West Virginia Law Review

Document Type



The question of the recognition of foreign decrees of divorce is one of real and growing importance. The conflict of law that exists in this country, where divorces are granted by one state and their validity tested in another, is one that is familiar to the legal profession. In fact, it is familiar to the public generally. The unfortunate situation of persons legally divorced in one state and not in another; of a second marriage valid in one state, declared invalid in another; and the general confusion resulting from such conflict is constantly presented to the public through the daily press and current magazines. It now appears that there is to be added to this chaos, the confusion of divorce decrees granted in foreign countries to citizens of our own country who have sojourned therein only long enough to obtain the decree and then bring it home. It is my purpose to attempt an analysis of the underlying principles concerning divorce decrees rendered by the courts of one state and for which recognition is sought in others; and then by analogy to seek to determine, so far as is possible by this process of reasoning, the status in the courts of this country of divorce decrees rendered by the courts of foreign countries.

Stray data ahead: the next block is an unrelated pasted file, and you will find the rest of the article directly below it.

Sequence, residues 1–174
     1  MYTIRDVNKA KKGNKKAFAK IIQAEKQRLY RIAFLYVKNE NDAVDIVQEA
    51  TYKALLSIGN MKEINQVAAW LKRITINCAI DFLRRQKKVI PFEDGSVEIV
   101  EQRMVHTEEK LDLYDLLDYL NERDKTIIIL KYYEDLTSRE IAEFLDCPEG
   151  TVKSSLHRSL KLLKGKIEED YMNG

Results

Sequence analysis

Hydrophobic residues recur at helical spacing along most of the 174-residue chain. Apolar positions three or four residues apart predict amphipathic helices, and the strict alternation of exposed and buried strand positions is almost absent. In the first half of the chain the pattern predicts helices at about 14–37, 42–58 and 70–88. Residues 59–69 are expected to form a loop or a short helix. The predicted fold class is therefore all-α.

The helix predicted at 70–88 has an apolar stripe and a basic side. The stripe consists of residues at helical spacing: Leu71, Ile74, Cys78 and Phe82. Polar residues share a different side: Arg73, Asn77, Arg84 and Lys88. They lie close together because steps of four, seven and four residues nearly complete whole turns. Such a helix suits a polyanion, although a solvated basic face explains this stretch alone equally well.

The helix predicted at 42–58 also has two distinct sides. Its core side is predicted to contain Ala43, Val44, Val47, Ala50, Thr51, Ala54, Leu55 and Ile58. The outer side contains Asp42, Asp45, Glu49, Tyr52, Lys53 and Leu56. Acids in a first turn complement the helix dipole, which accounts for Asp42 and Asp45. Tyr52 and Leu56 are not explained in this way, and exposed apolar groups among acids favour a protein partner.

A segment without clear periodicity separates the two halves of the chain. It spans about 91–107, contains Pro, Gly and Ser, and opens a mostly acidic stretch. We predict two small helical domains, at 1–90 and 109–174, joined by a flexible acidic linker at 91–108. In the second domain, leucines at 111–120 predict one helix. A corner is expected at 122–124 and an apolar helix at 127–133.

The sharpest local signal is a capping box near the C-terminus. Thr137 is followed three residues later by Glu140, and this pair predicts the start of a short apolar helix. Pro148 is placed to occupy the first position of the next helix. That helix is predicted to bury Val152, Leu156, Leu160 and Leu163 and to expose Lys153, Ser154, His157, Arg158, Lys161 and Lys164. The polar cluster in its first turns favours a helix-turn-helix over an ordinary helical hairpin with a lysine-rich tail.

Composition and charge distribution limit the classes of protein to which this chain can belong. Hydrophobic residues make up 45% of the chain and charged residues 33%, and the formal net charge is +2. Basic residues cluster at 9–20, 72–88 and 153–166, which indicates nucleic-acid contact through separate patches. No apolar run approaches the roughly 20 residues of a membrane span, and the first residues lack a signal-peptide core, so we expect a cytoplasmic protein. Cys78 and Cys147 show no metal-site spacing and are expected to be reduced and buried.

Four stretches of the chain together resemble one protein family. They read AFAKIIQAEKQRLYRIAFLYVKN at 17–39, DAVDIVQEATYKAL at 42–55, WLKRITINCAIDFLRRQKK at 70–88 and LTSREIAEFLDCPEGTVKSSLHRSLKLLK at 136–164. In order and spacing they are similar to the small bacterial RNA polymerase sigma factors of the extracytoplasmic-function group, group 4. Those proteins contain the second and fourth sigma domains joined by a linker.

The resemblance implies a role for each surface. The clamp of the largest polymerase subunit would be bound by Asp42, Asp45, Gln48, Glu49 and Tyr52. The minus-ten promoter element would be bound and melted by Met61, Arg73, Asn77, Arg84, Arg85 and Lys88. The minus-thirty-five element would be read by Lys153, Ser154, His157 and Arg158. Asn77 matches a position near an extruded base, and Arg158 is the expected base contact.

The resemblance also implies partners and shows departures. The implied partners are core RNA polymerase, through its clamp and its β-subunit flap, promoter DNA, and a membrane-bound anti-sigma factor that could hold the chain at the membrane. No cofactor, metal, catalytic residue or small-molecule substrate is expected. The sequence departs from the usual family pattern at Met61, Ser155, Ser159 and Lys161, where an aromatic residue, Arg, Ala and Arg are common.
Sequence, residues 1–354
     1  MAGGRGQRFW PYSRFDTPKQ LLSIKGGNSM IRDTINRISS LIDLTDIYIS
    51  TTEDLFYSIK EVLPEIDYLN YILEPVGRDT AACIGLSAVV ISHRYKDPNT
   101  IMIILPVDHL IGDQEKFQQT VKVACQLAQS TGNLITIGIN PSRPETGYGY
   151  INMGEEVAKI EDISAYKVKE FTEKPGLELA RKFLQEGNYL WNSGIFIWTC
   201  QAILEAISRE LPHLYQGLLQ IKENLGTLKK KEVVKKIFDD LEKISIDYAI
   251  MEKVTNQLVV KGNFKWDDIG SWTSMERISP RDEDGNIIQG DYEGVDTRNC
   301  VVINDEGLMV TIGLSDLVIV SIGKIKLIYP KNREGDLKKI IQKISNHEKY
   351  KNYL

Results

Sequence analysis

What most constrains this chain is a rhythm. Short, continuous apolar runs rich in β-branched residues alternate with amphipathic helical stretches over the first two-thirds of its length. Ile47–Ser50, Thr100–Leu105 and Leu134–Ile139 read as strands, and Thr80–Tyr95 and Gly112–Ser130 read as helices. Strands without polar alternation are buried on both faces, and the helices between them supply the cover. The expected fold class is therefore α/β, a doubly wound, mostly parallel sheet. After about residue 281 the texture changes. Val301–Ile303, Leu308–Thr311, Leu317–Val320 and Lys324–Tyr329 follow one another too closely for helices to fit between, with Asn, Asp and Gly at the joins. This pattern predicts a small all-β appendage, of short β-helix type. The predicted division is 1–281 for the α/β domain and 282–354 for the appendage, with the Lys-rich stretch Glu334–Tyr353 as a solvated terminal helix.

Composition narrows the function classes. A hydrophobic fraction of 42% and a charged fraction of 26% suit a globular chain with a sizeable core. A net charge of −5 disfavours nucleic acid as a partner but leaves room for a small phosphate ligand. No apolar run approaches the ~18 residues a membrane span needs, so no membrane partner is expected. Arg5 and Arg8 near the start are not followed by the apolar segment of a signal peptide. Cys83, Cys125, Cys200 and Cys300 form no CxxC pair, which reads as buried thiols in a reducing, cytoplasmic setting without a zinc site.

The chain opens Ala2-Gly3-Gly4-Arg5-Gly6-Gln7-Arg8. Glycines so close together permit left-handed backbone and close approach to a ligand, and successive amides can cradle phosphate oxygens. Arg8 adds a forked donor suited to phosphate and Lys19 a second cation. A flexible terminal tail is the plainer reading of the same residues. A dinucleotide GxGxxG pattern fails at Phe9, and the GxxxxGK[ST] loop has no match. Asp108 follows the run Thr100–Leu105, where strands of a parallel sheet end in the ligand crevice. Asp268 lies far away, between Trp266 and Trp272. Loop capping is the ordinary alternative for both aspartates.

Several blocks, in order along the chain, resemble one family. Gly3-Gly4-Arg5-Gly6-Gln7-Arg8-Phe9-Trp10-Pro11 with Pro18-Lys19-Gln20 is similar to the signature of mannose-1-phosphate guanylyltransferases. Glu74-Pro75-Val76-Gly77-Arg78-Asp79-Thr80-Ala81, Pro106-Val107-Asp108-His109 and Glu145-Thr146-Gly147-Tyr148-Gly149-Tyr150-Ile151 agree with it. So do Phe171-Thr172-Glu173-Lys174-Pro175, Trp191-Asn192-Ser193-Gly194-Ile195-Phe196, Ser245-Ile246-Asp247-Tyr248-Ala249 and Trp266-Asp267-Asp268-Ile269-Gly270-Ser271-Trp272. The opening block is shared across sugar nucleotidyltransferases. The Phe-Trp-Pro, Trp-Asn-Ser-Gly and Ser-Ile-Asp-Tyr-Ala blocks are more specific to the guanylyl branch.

Article reprinted in the West Virginia Law Quarterly with permission of the original publisher.



To view the content in your browser, please download Adobe Reader or, alternately,
you may Download the file to your hard drive.

NOTE: The latest versions of Adobe Reader do not support viewing PDF files within Firefox on Mac OS and if you are using a modern (Intel) Mac, there is no official plugin for viewing PDF files within the browser window.